RadioandMusic
| 06 Aug 2020
Radio Mantra COO Narendra Tripathi - Corporates are eyeing smaller towns and radio facilitates this penetration

Juggling between the television and radio industries, he has tasted and understood the intricacies of both media. Having been involved in setting up Jagran group's radio venture- Radio Mantra, he went on to become senior VP with NDTV Media only to return to Mantra recently as its COO. Handling operations across eight stations spread across Jharkhand, Punjab, Haryana and Uttar Pradesh is what makes him tick these days. Narendra Tripathi shares his views on strengthening the potential of the radio industry, the trials and triumphs of running a radio station in small town and strategies for Radio Mantra in an interview with Radioandmusic.com's Anita Iyer. Excerpts -Radio Mantra recently repositioned its music, adding different genres of music to its belt. What was the purpose?We are in the process of revisiting and reinventing all our stations and with the completion of three years, these markets have matured. So, we wanted to go beyond the Contemporary Hit Radio (CHR) format and inculcate different genres of music. How has the journey for your radio venture been?From the commercial angle, the turnaround time for radio players who have invested in smaller towns is fast compared to metro players. More and more corporates across profiles of telecom, mobile operators, FMCG etc are eyeing the category B and C stations. From the listeners' point of view in the past three years, we had adopted the CHR format. Radio industry is growing like the television industry which after four years of GECs, ventured into niche channels. With exhaustion in the CHR formats, radio stations are trying to carve a niche for themselves. This would further be enabled if multiple frequencies are allotted for the radio industry  Do you mean it is easier for smaller stations to attain breakeven?Certainly. It is easy to garner revenues in smaller towns as the cost of operation is less compared to metros  Other operational expenses like nurturing the local talent, employee cost, and brand building exercise are less costly too.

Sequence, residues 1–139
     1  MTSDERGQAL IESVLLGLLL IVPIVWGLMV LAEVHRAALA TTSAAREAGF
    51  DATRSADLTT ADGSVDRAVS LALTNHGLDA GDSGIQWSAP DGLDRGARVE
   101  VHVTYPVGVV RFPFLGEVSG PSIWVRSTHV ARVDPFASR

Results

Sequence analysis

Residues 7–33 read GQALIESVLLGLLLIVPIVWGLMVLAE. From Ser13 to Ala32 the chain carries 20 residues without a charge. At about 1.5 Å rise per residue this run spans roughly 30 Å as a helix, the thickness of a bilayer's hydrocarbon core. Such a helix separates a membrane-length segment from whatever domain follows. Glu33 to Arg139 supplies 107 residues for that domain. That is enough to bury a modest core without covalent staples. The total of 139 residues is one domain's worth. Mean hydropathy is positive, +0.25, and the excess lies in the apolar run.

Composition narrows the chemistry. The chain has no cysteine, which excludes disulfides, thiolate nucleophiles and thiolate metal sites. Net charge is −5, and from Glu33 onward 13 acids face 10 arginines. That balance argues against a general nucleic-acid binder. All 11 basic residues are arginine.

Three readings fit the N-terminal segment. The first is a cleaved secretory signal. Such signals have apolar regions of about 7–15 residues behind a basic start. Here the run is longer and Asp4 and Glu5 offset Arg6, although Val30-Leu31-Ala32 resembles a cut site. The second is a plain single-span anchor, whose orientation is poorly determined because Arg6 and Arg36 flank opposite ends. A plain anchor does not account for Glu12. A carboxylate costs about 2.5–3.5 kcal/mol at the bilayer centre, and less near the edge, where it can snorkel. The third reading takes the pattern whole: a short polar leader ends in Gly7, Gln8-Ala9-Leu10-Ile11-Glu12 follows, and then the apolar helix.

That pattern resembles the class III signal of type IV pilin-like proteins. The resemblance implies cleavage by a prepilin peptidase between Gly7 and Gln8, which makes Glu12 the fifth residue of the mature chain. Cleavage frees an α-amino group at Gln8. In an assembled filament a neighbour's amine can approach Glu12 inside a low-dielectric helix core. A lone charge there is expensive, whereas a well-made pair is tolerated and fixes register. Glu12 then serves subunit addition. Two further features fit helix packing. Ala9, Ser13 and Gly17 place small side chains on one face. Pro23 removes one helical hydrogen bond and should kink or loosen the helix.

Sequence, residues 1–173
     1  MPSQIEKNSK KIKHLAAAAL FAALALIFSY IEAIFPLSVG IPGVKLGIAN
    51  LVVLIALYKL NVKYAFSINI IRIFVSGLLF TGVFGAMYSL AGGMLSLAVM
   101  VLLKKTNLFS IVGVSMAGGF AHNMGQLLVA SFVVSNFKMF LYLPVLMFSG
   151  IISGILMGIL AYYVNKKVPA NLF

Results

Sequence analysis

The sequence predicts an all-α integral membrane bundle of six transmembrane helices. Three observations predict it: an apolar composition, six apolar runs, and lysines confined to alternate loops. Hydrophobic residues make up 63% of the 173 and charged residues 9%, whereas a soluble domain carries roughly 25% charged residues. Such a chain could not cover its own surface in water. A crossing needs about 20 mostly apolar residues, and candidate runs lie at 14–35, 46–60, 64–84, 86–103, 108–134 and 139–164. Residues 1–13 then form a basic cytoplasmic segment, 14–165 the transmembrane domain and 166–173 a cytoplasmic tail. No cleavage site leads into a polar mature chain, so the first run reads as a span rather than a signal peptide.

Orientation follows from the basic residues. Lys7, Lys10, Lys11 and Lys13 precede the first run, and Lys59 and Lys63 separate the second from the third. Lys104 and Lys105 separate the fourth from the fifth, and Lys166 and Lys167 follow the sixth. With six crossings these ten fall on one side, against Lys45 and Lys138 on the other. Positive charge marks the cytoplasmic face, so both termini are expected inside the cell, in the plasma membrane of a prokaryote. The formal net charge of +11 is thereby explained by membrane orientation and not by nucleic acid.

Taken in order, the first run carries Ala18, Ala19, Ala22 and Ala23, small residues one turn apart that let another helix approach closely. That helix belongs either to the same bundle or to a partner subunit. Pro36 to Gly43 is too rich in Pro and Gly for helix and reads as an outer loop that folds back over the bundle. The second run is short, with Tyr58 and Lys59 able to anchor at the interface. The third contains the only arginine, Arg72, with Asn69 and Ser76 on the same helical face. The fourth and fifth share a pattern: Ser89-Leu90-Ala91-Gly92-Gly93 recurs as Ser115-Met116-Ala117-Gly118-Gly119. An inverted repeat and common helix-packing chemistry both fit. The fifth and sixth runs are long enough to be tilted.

As far as royalty is concerned, we have to pay the same amount of royalty irrespective of the location of operation. This issue needs government interference so that radio stations are segregated according to categories. Royalty is the only front where the smaller player or stand alone player are affected  You spoke about corporates eyeing smaller stations. What is facilitating this change?Many brands are recognising the potential of radio and are looking for expansion outside metros. The reach in metros has saturated and corporates are looking to penetrate in smaller towns as these are the future lucrative markets for them. Radio is providing the platform for this penetration and hence the pie is increasing  The radio fraternity should come together on one platform and present themselves as a cost effective medium. Gradually, all the advertisers have realised that radio has the potential to run a high frequency commercial  There is a need to educate the advertisers that instead of spending on outdoor hoardings, newspapers, they should spend on radio as they would be heard so many times more and gain substantial returns. Most of the radio players in smaller towns approach the retailers to convince and encourage spends in radio. Isn't there a conflict here, as you have a print parent company- Dainik Jagran?Certainly not. Radio Mantra doesn't eat into Dainik Jagran's pie. When television was booming, it was perceived that print would be dead but rather it expanded the market. What is the share of radio sector in the North Indian markets?It falls in the same category as the rest of the country - between four to five per cent. But it can grow substantially if radio fraternity comes together to display the true strength of the medium. Radio players tend to drop their rates to get business from competitive players. Hence, the pie seems to be stagnant and not growing because players are fighting among themselves  Are differential advertising rates for Category B and C towns also hindering the growth of the industry?Radio fraternity as a unit should realise that by having differential rates, they are drilling a hole in their own pockets. There is disparity in advertising rates in metro and smaller towns but it is important to realise that having a full inventory doesn't mean a radio station is earning maximum revenues  How important is it for smaller stations to have sales alliance with national radio players?Our advertising constitutes of 60 per cent local and 40 per cent national ones. So, we need a backing to get more clients. Radio Mantra has a sales alliance with Radio Mirchi for three years  and they have been a good support. Both the players have their stations in Varanasi and Jalandhar, so we have to be careful that our ideas don't conflict  You have been in television as well as radio. How does television industry perceive radio?The television industry has recognised the power of radio because during my stint at NDTV, we had launched a metro channel for Delhi. The programming and approach from the content, marketing and sales points of view were similar to what a radio station would offer. It was a city centric local channel. How do listenership patterns in small towns differ from the metros?There is limited choice in the smaller cities as compared to metros where there are more than five FM stations. Here the choice is limited to three or four radio stations so, chances of listeners tuning in to your station increase. The power cuts play a very significant role and entertainment options are limited, so radio listenership grows during these slots. In Gorakhpur, our listenership goes up to eight hours as radio is the only source of entertainment during power cuts  How can radio stations be more innovative to attract advertisers?Radio fraternity has to do a lot of innovations like print and television and what the medium can offer to the advertisers apart form the ad time. Radio is not being exploited and instead of dropping rates, they should showcase the value add that the medium can offer  Many times, clients take it for granted that RJ mentions are a part of the deal. But radio must demand a premium for RJ mentions or refuse if the client declines to pay extra. But it has to be a collective decision by the radio fraternity. Otherwise, some players might cash in on the RJ mentions  How do you see the radio industry growing in the coming year?As far as the base of listenership is concerned, there has been tremendous growth. There is a huge need for targeting 25 + audiences as every station is targeting the 18-25 age group. In most of the metros, listenership has reached a stage of maturity and listeners are dying to listen to their kind of music. When granted more frequencies per city, radio will see exponential growth  When do you foresee Radio Mantra attaining breakeven?I think in a year's time we can achieve breakeven as a radio venture. In places like Karnal and Hissar, there is limited retail support and these markets will take time to grow. In the coming year, we would be planning new aggressions at regional and national level. There would be new programming initiatives in the form of 360 degree market activations in all our stations.